An earthquake could put the leaning Millennium Tower at risk

The Post has learned that the Millennium Tower, better known as San Francisco’s Leaning Tower, is in trouble if just one earthquake hits the city.

Located at 301 Mission St., the building, which stands 545 feet tall, has only continued to lean forward and sink deeper west since 2015, despite the architects’ best efforts to stabilize the magnificent edifice .

The multi-million-dollar-per-unit tower at the corner of Fremont and Mission Streets is leaning more than 29 inches — more than a half-inch deeper slant than before.

Consulting engineer Robert Pyke, who specializes in geotechnical and earthquake engineering, blamed designers Treadwell & Rollo – a firm later acquired by Langan – for the foundation issues, which they found during the 2008 market crash. Citing paucity of time.

“There is a real possibility that after an earthquake, the building could be red tagged,” Pyke told The Post of the tower — a 58-story, 419-unit residence that was completed in 2009.

When a building is tagged red, it means that the structure has been severely damaged to the extent that it is too dangerous for habitation and code enforcement prohibits entry to the property without written authorization. .

Pike cites the Hayward Fault Zone—a geologic region located primarily along the western base of the Hills on the east side of San Francisco Bay—as capable of generating devastating earthquakes.

A view of the Millennium Tower on August 11, 2016 in San Francisco, California.  A $500 million lawsuit has been filed against the owner of the Millennium Tower, Millennium Partners and the Transbay Joint Powers Authority after it was discovered that the building had sunk 16 inches into the ground and leaned two inches to the northwest.
A view of the Millennium Tower in San Francisco on August 11, 2016.
Getty Images

“An earthquake on the Hayward Fault in the East Bay could happen any day now,” Pyke said. “And even Hayward … the earthquake could be big enough to cause some significant rocking of the equipment of buildings like the Millennium Tower in San Francisco. So I think that’s actually at least temporarily out There is a long-term risk for homeowners to let go.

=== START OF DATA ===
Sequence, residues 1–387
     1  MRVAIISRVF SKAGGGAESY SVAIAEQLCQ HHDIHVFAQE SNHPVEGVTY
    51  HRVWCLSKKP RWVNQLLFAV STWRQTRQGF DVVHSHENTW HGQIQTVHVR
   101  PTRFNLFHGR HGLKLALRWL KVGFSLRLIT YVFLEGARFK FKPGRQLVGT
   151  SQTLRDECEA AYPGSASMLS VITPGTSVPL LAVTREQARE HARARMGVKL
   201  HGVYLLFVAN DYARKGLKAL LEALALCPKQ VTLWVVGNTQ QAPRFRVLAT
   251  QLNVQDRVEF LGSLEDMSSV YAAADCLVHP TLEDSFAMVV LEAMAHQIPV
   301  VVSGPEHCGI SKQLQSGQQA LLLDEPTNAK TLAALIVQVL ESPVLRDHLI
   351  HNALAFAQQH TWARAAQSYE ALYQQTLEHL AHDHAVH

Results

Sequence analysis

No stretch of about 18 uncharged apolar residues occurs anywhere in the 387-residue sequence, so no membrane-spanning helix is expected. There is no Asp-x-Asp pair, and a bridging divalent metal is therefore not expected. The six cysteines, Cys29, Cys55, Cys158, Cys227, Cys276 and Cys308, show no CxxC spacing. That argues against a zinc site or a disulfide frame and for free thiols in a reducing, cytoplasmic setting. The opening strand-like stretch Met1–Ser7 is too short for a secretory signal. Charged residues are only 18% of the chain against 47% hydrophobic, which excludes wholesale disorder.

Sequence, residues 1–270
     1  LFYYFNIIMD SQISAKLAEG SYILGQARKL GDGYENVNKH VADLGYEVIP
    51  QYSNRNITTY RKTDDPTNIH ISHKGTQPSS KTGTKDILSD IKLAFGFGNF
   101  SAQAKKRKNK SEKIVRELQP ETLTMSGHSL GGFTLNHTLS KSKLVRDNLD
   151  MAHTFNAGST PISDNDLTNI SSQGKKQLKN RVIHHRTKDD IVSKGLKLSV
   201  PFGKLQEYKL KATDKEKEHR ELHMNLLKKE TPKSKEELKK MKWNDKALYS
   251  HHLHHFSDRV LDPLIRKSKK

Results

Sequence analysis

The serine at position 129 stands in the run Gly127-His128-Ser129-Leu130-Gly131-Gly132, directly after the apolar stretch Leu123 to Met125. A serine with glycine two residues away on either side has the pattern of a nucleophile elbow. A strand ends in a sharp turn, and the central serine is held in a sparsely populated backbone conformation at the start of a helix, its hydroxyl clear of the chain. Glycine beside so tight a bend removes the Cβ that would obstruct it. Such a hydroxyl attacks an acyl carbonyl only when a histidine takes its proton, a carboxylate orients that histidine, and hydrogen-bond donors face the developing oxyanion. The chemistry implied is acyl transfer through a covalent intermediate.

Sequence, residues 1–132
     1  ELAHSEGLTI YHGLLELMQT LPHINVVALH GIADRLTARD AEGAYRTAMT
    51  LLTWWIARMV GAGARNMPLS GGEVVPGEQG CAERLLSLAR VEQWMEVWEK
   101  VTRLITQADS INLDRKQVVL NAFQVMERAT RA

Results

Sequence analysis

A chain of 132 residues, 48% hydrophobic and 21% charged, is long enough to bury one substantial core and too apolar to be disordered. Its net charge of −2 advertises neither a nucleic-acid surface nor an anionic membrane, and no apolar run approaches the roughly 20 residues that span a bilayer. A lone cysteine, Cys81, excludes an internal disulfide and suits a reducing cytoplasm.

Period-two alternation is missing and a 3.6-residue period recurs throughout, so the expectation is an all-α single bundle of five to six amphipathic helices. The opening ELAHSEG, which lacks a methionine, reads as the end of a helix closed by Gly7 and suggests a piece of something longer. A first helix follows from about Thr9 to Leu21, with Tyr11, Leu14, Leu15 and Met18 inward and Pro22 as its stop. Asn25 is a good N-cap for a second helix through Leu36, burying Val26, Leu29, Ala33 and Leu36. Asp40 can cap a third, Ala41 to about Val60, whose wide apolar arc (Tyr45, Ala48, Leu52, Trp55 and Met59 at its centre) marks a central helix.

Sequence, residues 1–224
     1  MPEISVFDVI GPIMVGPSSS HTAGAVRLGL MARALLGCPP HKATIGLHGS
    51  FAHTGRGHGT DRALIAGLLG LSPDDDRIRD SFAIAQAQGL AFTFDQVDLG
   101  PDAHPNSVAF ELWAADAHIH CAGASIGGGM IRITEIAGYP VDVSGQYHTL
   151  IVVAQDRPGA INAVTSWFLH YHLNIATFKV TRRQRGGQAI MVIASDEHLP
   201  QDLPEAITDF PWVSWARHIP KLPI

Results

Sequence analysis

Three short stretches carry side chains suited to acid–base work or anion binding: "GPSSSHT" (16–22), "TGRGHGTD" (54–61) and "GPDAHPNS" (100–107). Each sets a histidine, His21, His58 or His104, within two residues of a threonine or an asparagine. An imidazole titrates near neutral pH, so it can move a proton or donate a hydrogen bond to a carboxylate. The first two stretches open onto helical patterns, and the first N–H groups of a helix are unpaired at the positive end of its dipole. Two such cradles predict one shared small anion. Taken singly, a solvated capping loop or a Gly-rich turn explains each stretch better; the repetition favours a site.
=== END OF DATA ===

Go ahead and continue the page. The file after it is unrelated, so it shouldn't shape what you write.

Additionally, Pyke explained that the tower would never return to level.

And while a collapse is unlikely, since it would need to tilt “ten feet” for that to happen, Pyke said, if the tower is closer to 40 inches, elevators and plumbing will stop working, and residents will be outside. forced to go.

Pyke said the current fix hasn’t worked and likely won’t work because of the switch from steel to concrete in its original 2005 build—which makes it heavier and tougher.

“It didn’t turn out well because the effective increase in the weight of the building was quite significant. It was a third or more than before. And so the technical thing it did was stress the Old Bay clay layer that was under the sand layer.

The half-inch tilt was reportedly achieved while engineers dug under the sinking condominiums earlier this year to support the tower's weight — which was built atop a former landfill — on both sides of it.
The half-inch tilt was reportedly achieved while engineers excavated earlier this year to support the tower’s weight beneath the sinking condominium — which was built on top of a former landfill — on both of its sides.

Pyke said that to prevent any more fiddling, he would abandon his current fix effort, which he says has “too many uncertainties.”

Instead he would drill borings (a cutting process that involves the use of a single-point cutting tool or boring head to enlarge an existing hole in the workpiece) on the south and east sides of the tower to remove some of the soil in the old tower. Bay soil layer for leveling the building.

“carefully!” Pike said.

“It’s like what was done to the Leaning Tower of Pisa. Presumably continuing settlement will then stop or slow down so much that it doesn’t matter, but if it continues I will freeze Old Bay Clay.” I can!

Meanwhile, Ron Hamburger, the project engineer responsible for the building, told NBC in a statement that roof data is prone to weather fluctuations and that purely foundation-based data are more reliable.

“We are absolutely confident that after transferring the remaining design load to the pile,” Hamburger said, “there will be no further … westward movement of the roof.”

Source link

Leave a Comment